The night ended with Steve walking Michelle back to her apartment, unfortunately needing the umbrellas again. The wet conditions in Malaga was showing no sign of easing up.
Day 3 with Michelle | Sabado | Saturday
Today is our last day with Michelle. Her flight back to Edinburgh is 9.30pm tonight. And although we had hoped that the bad weather would subside, it didn’t. We forged ahead though, walking all the way through the city centre and along Malaga’s port and beach area trying to show as much of Malaga as possible to Michelle while we clutched umbrellas and wrapped scarves around our necks until we reached the beach area with its iconic sign standing on the sand – Malagueta.
We walked and we walked and we walked toughing out Malaga’s weather until we finally had to stop for food. The plan was no more tapas, rather something more substantial and filling – like paella! But as was the case everywhere in Malaga, everyone else was doing the same thing – eating inside out of the cold and the wet. There was no room at many of the café restaurants until we found one with hardly any people inside. We sat down but realised it would be overly expensive for our family of six to eat here with dishes starting at 12+ Euros each. So after getting the friendly owner to move tables and position chairs, we simply got up and left.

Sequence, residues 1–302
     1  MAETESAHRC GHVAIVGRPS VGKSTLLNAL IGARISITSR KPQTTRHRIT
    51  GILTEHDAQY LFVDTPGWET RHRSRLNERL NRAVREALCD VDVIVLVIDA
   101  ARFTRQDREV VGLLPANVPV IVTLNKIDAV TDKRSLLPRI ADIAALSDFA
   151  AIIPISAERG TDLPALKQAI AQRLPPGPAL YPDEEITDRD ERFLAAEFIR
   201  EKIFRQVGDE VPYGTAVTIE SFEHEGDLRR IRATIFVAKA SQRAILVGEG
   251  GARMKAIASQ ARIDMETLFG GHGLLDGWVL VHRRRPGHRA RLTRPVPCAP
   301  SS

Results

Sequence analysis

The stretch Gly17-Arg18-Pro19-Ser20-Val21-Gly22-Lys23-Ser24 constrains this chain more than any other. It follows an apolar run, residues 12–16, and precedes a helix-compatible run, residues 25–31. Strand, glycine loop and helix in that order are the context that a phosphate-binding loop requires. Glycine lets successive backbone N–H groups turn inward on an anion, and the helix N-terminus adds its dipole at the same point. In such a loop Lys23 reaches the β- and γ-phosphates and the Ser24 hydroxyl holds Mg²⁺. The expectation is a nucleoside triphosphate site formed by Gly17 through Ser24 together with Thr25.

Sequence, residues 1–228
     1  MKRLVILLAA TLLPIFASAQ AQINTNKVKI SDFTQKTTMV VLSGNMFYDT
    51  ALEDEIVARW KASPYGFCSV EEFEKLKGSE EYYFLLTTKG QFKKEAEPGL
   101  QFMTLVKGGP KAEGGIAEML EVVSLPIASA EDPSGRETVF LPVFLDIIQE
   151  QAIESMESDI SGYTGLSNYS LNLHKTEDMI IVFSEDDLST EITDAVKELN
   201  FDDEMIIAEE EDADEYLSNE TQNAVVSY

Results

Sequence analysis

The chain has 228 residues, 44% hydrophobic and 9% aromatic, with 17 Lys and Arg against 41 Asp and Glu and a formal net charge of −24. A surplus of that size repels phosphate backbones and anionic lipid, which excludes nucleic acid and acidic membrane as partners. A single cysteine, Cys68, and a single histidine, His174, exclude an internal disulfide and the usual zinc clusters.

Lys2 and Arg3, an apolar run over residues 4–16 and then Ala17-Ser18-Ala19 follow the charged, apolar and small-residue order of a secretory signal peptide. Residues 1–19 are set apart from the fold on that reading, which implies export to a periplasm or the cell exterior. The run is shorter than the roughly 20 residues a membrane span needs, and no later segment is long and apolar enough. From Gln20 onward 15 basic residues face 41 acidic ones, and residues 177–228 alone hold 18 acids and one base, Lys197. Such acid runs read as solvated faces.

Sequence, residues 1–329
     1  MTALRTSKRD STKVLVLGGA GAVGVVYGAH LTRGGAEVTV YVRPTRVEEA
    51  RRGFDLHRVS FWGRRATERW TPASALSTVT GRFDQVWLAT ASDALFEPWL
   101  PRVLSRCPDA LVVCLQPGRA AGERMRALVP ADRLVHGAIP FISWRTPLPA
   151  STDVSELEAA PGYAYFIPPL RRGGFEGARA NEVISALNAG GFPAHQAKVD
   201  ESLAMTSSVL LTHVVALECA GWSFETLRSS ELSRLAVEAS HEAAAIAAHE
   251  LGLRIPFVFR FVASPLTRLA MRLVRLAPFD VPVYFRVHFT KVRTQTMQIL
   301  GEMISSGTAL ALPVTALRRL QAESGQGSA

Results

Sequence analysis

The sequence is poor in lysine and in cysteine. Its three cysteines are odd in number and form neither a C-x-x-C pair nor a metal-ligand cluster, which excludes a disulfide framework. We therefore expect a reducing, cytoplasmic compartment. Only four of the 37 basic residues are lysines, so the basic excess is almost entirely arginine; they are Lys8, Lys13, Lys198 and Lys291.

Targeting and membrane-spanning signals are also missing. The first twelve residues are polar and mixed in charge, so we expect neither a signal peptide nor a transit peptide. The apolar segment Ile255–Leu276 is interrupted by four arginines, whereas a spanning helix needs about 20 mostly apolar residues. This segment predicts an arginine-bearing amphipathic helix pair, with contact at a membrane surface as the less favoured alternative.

We just walked next door, and the man behind the bar allowed us to sit in the back area near an unused pool table and Billie and Dace played that game of soccer by turning the little men attached to the rod. Can’t recall its name… Anyway the food was good – pasta and baskets of bread for 10 Euros, shared plates of 5 tapas for 10 Euro, half portion sizes of fish and calamari for 7 Euros (well that’s what Charlie ordered but we received baby octopus which we didn’t enjoy). We told them they got the order wrong and received a plate of round calamari and a couple of coffees on the house. It was the best coffee I’ve had since leaving Australia too!
Michelle collected her suitcase from her Airbnb and we wandered over to enjoy Moroccan Shisha at the local Arab establishment, but they were extremely busy and extremely rude. So we left and headed to Steve’s favourite tapas and beer haunt in Malaga central for a final glass of Sangria before Michelle left in a taxi for the airport and home.
We’re going to miss Michelle – she’s such a fun person to be around! So happy we could catch up again.
Domingo | Sunday
And as soon as the Scottish leave Malaga, the sun comes out! So I send Michelle a note via Messenger letting her know that we really miss her company but not the cold and wet weather she brought with her (yes we are blaming the Scottish for this!). I feel terrible knowing that she spent two out of three of her days here with us in wet, cold and dreary conditions. I suppose we’ll need to make it up to her next time – another time another country! Hmmm…